FILE PHOTO: Investors monitor stock market prices in Kuala Lumpur August 9, 2006. REUTERS/Bazuki Muhammad
JULY 10, 2018 | 12:02PM MYT | KUALA LUMPUR
Foreign net sell-off of Malaysian debt securities extended for the third month in June, totalling RM6.6 billion after May’s staggering selloff of RM12.9 billion.
Kenanga Investment Bank Bhd said the outflow lowered foreign holdings' share in Malaysian debt securities to the lowest in eight years at 13.7 per cent or since June 2010.
The research firm noted the total outflow summed up to RM24.2 billion in the second quarter 2018, eroding the RM3.4 billion inflows into the debt market in the first quarter this year.
Year-to-date, the total outflow from the Malaysian debt market summed up to RM20.8 billion, Kenanga noted.
Investors’ exodus from the domestic debt market extended to June as negative news flow emerge on Malaysia’s debt level, sparking concerns of the government’s ability to finance its debt level.”
According to a note by Kenanga, the aforementioned concerns have created a higher risk premium for the holding of Malaysian government debt.
The US Federal Reserve’s tightening move had also triggered bond traders move away from the emerging market as a whole.
June’s selloff was attributable to a total of RM6.7 billion outflow from long-dated securities, reducing the foreign holdings share of long-dated securities (MGS+GII) to 24.7 per cent for the month or the lowest since May 2011.
“Consequently, the average local benchmark 10-year MGS bond yield rose further to 4.21 per cent in June, widening the gap with the benchmark 10-year Treasury yield to 130 basis points from 120 basis points in May.”
Meanwhile, short-dated securities registered a marginal inflow of RM0.08 billion in June raised the foreign holdings share of short-dated securities to 56.9 per cent.
“The preference of short-dated securities reinforces our view that foreign investors selloff during the month is primarily due to renewed concerns of Malaysia’s debt level and the government’s ability to refinance its debt.”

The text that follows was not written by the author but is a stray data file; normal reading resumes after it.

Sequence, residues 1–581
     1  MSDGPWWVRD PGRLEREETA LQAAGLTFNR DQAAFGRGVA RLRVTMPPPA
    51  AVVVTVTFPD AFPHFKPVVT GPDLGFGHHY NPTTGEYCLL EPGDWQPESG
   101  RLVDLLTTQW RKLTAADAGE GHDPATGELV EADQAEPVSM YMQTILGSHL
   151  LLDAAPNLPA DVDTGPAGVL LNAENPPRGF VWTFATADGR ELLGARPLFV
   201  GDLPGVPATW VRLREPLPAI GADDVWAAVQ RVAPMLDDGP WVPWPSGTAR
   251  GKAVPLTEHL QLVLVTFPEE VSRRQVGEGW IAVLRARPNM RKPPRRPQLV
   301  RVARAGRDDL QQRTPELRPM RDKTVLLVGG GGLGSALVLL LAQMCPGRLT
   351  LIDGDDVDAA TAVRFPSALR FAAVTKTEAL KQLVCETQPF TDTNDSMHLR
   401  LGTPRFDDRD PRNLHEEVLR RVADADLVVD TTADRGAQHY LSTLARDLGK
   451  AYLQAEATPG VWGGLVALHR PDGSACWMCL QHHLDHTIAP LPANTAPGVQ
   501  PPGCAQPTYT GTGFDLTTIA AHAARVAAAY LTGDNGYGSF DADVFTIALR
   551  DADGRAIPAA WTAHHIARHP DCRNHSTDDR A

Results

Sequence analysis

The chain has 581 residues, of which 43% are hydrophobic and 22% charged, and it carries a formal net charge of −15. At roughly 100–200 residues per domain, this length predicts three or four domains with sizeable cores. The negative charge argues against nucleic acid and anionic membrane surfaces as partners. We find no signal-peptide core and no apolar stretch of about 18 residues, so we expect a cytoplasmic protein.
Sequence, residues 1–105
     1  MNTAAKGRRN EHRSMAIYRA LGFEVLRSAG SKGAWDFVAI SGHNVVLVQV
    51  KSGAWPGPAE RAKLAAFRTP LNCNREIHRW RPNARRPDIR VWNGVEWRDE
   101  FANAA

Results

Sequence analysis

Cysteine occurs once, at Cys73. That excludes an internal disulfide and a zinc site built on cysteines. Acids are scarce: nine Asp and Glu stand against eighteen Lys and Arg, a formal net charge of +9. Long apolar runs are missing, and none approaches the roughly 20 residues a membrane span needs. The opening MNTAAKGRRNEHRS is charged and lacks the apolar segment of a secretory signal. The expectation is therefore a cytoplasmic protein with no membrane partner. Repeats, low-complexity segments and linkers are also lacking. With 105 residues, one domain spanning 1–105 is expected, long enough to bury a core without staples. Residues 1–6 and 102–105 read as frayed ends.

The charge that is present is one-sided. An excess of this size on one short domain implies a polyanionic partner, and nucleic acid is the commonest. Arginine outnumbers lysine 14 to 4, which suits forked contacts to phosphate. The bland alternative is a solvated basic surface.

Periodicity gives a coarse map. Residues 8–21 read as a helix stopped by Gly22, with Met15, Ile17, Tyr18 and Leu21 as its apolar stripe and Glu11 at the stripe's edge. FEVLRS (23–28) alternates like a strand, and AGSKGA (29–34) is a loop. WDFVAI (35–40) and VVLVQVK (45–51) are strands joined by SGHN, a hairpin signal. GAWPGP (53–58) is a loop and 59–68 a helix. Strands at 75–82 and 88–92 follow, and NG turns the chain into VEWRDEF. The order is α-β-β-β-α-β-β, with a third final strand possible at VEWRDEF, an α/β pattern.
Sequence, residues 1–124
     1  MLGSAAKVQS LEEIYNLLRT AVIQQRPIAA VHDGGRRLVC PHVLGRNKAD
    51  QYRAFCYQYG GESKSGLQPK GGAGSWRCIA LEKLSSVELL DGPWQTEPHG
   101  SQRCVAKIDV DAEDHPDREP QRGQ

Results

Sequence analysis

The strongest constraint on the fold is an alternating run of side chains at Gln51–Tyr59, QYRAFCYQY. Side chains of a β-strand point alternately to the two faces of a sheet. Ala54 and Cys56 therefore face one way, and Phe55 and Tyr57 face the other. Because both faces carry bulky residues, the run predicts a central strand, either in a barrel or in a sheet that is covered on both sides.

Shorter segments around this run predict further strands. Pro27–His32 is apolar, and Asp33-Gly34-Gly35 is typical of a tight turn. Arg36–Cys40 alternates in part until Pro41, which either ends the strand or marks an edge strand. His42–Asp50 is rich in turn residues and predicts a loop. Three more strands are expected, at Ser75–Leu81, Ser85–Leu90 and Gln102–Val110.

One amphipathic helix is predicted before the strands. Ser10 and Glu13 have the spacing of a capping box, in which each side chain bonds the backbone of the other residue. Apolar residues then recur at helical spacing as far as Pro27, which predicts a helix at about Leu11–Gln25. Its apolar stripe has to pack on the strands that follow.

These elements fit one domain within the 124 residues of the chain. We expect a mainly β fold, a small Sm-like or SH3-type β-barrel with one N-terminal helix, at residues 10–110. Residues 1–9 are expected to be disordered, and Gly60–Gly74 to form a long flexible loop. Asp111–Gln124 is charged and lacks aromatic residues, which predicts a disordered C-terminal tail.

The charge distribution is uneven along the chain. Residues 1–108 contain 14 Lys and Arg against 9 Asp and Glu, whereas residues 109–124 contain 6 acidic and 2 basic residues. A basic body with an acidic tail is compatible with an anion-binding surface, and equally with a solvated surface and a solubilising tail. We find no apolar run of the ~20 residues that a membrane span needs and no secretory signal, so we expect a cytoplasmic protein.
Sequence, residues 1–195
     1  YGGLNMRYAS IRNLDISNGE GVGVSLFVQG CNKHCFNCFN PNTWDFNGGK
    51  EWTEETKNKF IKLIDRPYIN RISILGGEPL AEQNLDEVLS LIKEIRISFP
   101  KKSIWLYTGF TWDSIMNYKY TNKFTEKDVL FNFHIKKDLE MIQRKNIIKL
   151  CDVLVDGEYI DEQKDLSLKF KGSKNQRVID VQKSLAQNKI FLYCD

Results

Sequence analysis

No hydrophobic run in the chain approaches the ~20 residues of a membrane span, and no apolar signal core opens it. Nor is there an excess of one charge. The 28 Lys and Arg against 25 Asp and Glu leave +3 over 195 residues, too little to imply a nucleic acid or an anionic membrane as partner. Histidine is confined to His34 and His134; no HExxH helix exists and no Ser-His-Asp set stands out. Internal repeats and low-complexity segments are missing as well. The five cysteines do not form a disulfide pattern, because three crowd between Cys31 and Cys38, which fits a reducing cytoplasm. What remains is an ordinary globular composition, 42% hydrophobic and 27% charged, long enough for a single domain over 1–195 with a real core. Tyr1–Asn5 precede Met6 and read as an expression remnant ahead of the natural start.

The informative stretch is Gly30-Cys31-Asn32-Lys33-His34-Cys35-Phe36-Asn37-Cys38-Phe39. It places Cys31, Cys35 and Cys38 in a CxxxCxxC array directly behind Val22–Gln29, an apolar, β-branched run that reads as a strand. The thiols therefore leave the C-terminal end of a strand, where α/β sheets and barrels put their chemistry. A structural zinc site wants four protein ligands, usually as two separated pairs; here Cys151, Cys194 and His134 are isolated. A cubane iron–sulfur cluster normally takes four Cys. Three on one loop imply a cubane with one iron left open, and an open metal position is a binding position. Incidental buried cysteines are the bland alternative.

Kenanga said with a total of RM21.0 billion conventional and RM16.0 billion sukuk bonds due for maturity in third quarter 2018, it expected the selloff from the bond market to persist in the coming quarter.
The recent US tariffs on China’s imports has also created much uncertainty in the emerging market, resulting in a shift of investors’ demand away from emerging markets’ assets to US safe haven assets, driving down the US Treasury yields in the past week to 2.84 per cent from 2.86 per cent the preceding week.
Regional markets have also seen its yields falling over the past week, indicating that investors could be on the hunt for high yielding assets including Malaysia’s bonds.
“We expect sentiments to gradually improve. Firstly, we see more certainty on the timing of Fed’s rate hike following its June meeting.”
The investment bank said it expected improvement in sentiments to cap capital outflow, following the completion of the Pakatan Harapan government’s 100 days in office and introduction of new policies.
“Hence, while we expect capital outflow to persist in the coming quarter, we expect it to be limited. In the interest of ensuring market stability, we expect Bank Negara to leave the Overnight Policy Rate unchanged at 3.25 per cent.”
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